Heatstroke is the most severe form of heat related problems here in the Philippines, and it is really a life threatening emergency. It is the effect of long, extreme exposure to the sun, exercise or heavy work in hot environments combined with inadequate fluid intake wherein a person does not sweat enough to lower body temperature.

            The elderly, young children, people who are obese, person, who work outdoors and people born with an impaired ability to sweat are at high risk of heatstroke – other risk factors include dehydration, alcohol use, cardiovascular disease and those on certain types of medications.

            It usually happens during summertime where people have long exposure to hot temperature it can also be caused by working in an extremely hot environment, a high fever associated with illness, or exercising too much, overdressing, over eating can also be a contributing factors. The symptoms of heatstroke are hot – dry skin, no sweating, flushing, shallow breathing, rapid-weak pulse and body temperature over 40oC. Emergency medical treatment is necessary and may give first aid to suppress the heatstroke.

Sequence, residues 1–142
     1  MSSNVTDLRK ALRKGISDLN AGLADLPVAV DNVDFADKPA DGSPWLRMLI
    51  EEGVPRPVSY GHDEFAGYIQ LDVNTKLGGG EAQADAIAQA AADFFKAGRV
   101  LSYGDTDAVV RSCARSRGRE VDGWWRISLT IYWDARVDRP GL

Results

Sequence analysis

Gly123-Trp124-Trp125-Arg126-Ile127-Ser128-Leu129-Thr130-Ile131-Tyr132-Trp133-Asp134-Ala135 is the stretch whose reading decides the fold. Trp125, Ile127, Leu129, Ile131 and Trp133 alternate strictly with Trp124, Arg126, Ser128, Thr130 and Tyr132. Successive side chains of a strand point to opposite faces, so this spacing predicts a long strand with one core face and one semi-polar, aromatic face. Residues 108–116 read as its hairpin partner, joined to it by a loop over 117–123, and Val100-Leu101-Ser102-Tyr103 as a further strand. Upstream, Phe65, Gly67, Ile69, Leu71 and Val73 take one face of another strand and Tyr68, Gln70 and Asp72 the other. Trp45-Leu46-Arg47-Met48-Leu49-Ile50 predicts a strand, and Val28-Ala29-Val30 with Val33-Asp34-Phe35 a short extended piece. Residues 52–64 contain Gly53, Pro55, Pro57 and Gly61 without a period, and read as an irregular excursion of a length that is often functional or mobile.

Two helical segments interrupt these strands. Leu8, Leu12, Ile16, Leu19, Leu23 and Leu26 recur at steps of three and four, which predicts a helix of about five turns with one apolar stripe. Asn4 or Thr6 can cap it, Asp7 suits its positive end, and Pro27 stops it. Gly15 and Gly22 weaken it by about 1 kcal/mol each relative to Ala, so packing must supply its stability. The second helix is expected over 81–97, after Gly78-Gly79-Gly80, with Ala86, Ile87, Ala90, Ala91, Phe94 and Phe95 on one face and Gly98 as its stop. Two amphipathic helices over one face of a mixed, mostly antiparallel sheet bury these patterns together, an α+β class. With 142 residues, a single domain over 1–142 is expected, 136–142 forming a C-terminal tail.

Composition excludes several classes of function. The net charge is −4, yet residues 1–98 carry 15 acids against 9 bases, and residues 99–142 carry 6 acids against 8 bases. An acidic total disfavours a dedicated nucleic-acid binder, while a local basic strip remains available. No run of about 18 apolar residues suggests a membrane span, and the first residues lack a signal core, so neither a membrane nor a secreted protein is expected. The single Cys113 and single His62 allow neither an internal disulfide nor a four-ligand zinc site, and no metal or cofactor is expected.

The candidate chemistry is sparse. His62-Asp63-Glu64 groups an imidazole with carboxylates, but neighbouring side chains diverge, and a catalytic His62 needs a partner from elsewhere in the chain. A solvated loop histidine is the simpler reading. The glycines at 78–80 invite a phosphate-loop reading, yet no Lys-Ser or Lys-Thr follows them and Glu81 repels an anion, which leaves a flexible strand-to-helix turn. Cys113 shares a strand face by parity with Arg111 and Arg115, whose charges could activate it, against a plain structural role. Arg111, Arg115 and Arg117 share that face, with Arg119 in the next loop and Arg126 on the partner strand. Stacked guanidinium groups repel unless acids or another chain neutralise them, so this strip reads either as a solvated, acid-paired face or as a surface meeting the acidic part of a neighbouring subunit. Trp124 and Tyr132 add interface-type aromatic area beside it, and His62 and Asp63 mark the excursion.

First aid:

    * Move the person to a shady area.
    * Remove the person’s clothing.
    * Cover the person with a wet sheet and keep the sheet wet for cooling from evaporation.
    * Sponge down the body, especially the head, with cool water.
    * Continue giving first aid until body temperature drops to 38.5oC or until the body feels cool to be touch.
    * If the person is conscious, let him sip water, fruit juice or soft drink. Intravenous fluids are often necessary to compensate for fluid and electrolyte loss. Bed rest is generally advised and body temperature may fluctuate abnormally for weeks after heatstroke.

Be wise, avoid heatstroke by applying some preventive measures:

    * Stay out of the hot sun, and limit the time of your exposure in hot environments.
    * Wear light-colored, and loose fitting clothing in the summer.
    * Drink extra water when you sweat, even if you’re not thirsty.
    * Open windows or use a fan or air conditioner to improve air circulation.
    * Limit food intake to small meals and limit alcohol intake when it is very hot.
    * Protect yourself from the sun by wearing a hat, sunglasses and using an umbrella.

If you live in a hot climate and have a chronic condition, talk to your physician about extra precautions you can take to protect yourself against “Heatstroke”.


By: Lalaine M. Navata
DepEd – Public Health Nurse
Orion District

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